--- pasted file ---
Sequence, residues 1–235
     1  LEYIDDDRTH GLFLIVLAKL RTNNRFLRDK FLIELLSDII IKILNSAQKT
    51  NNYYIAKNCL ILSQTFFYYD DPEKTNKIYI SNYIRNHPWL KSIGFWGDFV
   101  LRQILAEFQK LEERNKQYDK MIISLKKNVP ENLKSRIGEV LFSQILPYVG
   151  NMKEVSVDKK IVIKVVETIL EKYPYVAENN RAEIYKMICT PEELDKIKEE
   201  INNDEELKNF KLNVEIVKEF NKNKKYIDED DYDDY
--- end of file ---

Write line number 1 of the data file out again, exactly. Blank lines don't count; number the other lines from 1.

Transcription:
Sequence, residues 1–235